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Melanoma on the Rise in Young Adults

Summer in Southern California offers many opportunities to eat healthy and be active, whether enjoying a walk in the park, shopping at a farmers’ market, or taking free swim lessons provided through many cities’ Operation Splash programs. 

Spending time outdoors has been shown to decrease stress, enhance mental clarity, and promote other health benefits. But exposure to harmful ultraviolet (UV) rays from the sun also can lead to skin cancer, particularly melanoma, the deadliest form. Although the risk of melanoma increases as people age, surprisingly, it has reached epidemic proportions among people under age 30, soaring by 50 percent since 1980, according to the Melanoma Research Foundation. 

In fact, today melanoma:

  • Rates as the second most commonly diagnosed cancer in people ages 15 to 29.
  • Ranks as the leading cause of cancer death in women ages 25 to 30.
  • Accounts for up to 3 percent of all pediatric cancers. 

Major contributing factors for increasing melanoma rates in children, adolescents, and young adults are likely excessive tanning and the increased use of commercial tanning beds. Other causes also may be at play, such as more frequent and improved medical diagnostic testing, as well as a person’s genetics, according to Paola Rodriguez, MD, dermatologist, Southern California Permanente Medical Group. 

The Best Defense

The greatest protection against most skin cancers, including melanoma, includes the following:

  • Limit exposure to ultraviolet rays (UV), even on cloudy or hazy days, especially between the peak hours from 10 a.m. to 4 p.m. 
  • Shield skin with long-sleeved shirts, pants, and hats.
  • Apply a broad-spectrum sunscreen with an SPF (sun-protection factor) of at least 30 every time when going outside. Reapply frequently.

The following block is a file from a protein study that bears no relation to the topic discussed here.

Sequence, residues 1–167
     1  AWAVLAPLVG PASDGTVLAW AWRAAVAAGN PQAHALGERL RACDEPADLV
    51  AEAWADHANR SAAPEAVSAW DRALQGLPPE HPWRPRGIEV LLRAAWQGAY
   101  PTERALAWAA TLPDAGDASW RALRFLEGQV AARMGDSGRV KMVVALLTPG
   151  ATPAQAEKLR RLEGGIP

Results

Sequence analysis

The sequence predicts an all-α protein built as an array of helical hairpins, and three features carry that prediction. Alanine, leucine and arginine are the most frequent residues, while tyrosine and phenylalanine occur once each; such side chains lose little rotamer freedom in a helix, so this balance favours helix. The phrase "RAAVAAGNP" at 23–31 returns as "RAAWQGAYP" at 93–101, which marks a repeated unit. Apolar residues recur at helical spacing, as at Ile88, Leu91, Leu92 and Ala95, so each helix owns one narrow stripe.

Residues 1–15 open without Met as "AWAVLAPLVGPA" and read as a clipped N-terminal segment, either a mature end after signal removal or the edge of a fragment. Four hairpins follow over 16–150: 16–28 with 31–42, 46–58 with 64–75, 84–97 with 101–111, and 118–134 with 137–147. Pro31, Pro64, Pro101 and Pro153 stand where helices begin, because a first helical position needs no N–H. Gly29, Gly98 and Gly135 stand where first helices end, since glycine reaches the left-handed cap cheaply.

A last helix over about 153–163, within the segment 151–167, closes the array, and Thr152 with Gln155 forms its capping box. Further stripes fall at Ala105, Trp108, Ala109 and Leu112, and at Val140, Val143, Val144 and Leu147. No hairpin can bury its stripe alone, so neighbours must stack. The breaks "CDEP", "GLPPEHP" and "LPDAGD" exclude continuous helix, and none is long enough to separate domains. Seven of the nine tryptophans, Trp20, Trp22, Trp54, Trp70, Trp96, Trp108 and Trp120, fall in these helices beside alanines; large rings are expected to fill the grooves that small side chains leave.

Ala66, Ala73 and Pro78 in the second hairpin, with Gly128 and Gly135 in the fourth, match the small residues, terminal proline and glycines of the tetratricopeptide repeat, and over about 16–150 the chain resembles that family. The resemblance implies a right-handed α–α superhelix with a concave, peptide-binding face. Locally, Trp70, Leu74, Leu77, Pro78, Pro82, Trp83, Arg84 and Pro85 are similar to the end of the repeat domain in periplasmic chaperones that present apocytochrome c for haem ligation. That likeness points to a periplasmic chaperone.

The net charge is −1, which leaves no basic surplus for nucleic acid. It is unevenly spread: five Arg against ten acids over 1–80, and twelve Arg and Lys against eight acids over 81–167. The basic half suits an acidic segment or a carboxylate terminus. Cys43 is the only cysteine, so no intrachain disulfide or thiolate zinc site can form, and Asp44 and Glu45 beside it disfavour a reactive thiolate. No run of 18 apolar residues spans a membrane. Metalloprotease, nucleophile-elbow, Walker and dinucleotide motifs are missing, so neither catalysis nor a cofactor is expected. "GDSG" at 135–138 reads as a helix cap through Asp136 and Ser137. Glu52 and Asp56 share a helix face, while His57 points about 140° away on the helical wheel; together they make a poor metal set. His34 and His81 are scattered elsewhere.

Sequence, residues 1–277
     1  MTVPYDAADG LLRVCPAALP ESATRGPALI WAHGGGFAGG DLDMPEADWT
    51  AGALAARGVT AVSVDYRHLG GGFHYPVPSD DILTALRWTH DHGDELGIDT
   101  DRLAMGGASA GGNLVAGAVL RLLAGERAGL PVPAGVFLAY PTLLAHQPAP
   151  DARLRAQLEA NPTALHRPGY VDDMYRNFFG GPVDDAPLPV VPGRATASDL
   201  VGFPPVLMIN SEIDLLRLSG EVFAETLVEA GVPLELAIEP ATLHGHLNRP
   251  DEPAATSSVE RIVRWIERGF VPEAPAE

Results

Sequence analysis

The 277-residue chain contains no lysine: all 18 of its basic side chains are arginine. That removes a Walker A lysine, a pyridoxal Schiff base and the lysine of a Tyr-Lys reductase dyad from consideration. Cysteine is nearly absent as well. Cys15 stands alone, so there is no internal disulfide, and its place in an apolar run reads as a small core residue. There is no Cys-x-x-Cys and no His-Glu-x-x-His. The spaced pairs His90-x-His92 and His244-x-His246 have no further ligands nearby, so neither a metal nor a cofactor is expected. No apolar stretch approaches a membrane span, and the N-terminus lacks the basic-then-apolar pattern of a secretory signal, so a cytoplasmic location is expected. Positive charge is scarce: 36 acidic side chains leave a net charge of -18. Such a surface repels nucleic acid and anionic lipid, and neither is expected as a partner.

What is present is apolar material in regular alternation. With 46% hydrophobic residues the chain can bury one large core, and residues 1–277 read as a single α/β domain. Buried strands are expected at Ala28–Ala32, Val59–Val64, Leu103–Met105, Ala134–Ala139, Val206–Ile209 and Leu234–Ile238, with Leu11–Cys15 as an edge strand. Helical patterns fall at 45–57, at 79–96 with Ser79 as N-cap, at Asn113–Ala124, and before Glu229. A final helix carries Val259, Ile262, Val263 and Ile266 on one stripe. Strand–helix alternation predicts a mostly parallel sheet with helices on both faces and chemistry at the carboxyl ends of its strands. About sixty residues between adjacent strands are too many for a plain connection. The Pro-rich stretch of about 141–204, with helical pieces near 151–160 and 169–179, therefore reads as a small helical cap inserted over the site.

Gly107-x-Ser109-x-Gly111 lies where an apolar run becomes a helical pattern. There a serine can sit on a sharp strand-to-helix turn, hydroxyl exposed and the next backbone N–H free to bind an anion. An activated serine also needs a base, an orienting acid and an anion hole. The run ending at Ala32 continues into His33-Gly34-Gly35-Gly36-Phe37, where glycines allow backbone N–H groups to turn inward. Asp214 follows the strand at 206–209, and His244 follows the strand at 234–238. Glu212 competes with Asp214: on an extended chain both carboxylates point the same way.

• Wear UV-blocking sunglasses. 
  • Do monthly skin self-exams using the ABCDE method (see below).
  • Get any suspicious moles or spots on the skin checked by a doctor as early as possible. 

Examine moles or suspicious spots on the skin using the ABCDEs of melanoma

  • Asymmetry
  • Border irregularity
  • Color variation
  • Diameter
  • Evolving (changes to a mole's size or coloring).

Source: American Cancer Society

Genetics, for example, is one reason why young people can acquire melanoma earlier in life, including on areas of the body not usually exposed to the sun, like the palms of the hands, soles of the feet, or under the nails. Caucasians are most at risk for melanoma, especially those with fair skin and light hair or eyes; have had a blistering sunburn before age 18; and/or have a family history of skin cancer. 

“People with darker skin tones, such as African-Americans, Hispanics, and Asians, may think they’re not as susceptible to skin cancer because they don’t burn as easily, and therefore, may be less likely to use sunscreen,” said Dr. Rodriguez, who practices at Kaiser Permanente South Bay Medical Center. “As a result, people of color are more prone to be diagnosed with melanoma in its later stages after the disease is more advanced.” 

Despite increased awareness about the harmful impact of tanning, many young people perceive the bronzed look gives them a “healthy glow.” A significant number – mostly young females – turn to indoor tanning salons. While sunlight can damage the skin, intense, artificial UV rays in indoor tanning booths can be especially dangerous. 

According to the American Academy of Dermatology: 

  • Using indoor tanning beds before age 35 can increase the risk of melanoma by 75 percent.
  • Nearly 70 percent of tanning salon patrons are Caucasian girls and young women. (Various states, including California, now prohibit the use of indoor tanning beds for youth under age 18.) 
  • Approximately 15 percent of Caucasian women ages 18 to 30 engage in frequent indoor tanning. 

Although using sunless tanner sprays and lotions to get the desired effect is healthier than an indoor tanning bed or catching some rays, Dr. Rodriguez has another suggestion: “For all of us to love and be happy with the skin we’re in.” 

For more information and tips on skin cancer prevention, diagnosis, and treatment, visit the American Cancer Society or American Academy of Dermatology

Kaiser Permanente Southern California’s community health funding supports various partner organizations to provide popular programs such as Operation SplashRethink Your Drink, and HEAL (Healthy Eating Active Living) zones, as well as to increase access to green spaces and farmers’ markets. 

To learn more about Kaiser Permanente’s work in the community, visit